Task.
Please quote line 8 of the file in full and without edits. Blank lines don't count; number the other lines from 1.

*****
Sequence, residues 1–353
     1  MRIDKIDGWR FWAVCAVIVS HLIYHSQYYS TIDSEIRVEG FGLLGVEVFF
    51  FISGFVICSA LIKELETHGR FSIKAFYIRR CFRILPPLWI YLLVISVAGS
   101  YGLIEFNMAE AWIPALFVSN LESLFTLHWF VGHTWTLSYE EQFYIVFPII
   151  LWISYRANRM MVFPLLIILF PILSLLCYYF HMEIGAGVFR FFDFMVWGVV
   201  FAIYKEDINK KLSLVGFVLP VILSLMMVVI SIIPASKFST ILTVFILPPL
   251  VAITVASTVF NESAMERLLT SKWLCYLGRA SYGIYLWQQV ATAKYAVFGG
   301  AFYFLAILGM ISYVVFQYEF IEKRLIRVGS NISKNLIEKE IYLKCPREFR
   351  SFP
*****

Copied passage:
   301  AFYFLAILGM ISYVVFQYEF IEKRLIRVGS NISKNLIEKE IYLKCPREFR